1) Draw a

**number line**. 2) Put either an**open**circle or a**closed dot**above the**number**given. For ≤ and ≥ , use a**closed dot**to indicate the**number**itself is part of the solution. For < and >, use an**open**circle to indicate the**number**itself is not part of the solution.Similarly one may ask, how do you know whether to use an open circle or closed circle when graphing an inequality?

Here are some tips for

**graphing inequalities**on a number line.**Use an open circle**to show that a value is not a solution for the**inequality**. You will**use open circles**to**graph inequalities**that include the symbols >or <.**Use**a**closed circle**to show that a value is a solution for the**inequality**.What is the difference between a closed dot and an open dot?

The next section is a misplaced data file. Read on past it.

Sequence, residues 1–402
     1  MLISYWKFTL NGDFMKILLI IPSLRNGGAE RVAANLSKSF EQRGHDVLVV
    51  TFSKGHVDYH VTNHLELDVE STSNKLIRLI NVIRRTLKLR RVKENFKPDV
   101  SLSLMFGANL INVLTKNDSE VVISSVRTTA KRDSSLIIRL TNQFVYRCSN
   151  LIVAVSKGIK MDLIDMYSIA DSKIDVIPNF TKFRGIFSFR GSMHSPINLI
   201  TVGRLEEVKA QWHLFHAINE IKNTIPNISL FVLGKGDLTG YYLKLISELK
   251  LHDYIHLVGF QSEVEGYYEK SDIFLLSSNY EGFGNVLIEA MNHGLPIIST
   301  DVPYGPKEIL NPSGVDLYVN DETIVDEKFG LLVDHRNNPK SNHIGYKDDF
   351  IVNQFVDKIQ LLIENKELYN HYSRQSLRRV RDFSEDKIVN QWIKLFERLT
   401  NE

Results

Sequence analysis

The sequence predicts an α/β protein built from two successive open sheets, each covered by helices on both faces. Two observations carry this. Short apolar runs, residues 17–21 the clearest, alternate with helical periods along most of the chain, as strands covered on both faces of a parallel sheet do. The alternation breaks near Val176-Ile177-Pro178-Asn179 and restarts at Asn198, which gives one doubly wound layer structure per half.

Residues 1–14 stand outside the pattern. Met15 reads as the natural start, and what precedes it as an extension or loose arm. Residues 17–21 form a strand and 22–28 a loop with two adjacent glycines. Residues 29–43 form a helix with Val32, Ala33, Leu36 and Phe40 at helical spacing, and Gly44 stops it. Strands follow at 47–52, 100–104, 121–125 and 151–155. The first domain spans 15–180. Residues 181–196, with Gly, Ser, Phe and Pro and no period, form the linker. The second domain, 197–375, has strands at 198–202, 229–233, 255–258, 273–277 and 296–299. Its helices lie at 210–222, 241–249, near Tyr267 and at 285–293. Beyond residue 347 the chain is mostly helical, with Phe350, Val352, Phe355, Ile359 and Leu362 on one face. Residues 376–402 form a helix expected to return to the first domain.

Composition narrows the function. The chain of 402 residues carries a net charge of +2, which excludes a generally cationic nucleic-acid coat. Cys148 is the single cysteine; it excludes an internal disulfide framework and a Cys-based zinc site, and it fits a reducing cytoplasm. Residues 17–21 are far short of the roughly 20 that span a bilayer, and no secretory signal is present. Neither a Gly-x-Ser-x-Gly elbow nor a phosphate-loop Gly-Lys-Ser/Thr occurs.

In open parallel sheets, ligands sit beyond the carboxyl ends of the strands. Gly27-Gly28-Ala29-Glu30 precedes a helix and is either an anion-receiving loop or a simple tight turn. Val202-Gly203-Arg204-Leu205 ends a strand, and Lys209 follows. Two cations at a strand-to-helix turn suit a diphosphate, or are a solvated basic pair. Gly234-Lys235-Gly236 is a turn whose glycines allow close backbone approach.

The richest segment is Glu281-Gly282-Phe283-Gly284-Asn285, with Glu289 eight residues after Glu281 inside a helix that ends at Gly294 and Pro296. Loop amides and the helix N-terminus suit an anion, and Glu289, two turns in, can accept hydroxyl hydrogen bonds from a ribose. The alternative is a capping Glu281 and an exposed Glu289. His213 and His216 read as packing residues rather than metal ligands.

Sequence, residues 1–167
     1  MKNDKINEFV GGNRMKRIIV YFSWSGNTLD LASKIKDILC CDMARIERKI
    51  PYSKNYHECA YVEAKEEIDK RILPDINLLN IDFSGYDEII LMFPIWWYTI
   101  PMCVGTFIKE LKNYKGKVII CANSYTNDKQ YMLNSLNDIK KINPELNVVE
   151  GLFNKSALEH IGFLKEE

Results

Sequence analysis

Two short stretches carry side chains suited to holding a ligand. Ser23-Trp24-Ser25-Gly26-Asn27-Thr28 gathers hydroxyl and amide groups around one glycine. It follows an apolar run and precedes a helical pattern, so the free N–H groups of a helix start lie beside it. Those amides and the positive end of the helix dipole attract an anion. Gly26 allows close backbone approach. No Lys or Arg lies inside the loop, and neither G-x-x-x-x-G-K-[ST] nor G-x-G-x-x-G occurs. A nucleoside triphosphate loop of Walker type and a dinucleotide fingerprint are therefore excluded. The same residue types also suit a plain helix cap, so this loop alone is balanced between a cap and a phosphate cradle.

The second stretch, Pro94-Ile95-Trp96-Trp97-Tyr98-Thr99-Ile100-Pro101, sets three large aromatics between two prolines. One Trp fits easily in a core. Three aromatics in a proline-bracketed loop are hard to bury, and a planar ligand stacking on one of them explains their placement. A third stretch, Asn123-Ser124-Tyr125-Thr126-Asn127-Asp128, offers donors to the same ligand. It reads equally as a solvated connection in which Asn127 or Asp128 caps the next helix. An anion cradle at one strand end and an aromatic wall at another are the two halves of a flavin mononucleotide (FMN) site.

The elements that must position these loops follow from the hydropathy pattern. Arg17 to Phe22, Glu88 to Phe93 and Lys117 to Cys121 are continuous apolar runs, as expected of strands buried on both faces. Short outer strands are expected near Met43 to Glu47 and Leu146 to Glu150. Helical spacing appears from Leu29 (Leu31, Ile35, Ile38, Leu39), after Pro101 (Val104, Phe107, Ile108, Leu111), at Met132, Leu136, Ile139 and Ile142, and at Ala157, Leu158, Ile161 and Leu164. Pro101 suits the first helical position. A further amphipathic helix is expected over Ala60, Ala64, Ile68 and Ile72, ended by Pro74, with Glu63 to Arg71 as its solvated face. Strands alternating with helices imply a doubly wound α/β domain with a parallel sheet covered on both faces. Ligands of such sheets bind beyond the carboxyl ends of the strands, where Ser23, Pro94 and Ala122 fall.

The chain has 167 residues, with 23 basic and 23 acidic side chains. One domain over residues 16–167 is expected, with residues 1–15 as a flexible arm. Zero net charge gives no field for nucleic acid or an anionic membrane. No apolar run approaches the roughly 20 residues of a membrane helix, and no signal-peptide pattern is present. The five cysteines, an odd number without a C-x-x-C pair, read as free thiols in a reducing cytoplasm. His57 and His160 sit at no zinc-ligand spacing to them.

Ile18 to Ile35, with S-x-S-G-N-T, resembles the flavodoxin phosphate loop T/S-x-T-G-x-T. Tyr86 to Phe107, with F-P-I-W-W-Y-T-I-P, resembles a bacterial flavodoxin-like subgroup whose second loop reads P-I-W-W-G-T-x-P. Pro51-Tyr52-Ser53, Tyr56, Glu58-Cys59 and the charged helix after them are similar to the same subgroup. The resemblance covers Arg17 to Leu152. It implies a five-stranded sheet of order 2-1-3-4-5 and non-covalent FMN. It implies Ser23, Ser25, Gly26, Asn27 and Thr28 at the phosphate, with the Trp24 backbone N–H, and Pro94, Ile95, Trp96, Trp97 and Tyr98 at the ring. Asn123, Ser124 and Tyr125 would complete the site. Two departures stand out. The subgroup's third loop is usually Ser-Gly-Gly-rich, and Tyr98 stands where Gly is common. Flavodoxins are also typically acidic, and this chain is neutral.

A

**closed**(solid)**dot means**the endpoint is included in the curve and an**open dot means**it isn't. It's like the difference between "less than or equal to" and "less than". In the graph you show, both**dots**are**open**which**means**the function doesn't have any value, so isn't defined, at x_0.Is a closed circle a bracket or parenthesis?

Interval notation uses

**brackets**[ ] to show the closed**circles**; the numbers in the**parentheses**represent the ends of the shaded area. On the number line, there is a closed**circle**at a and the number line is shaded to the left.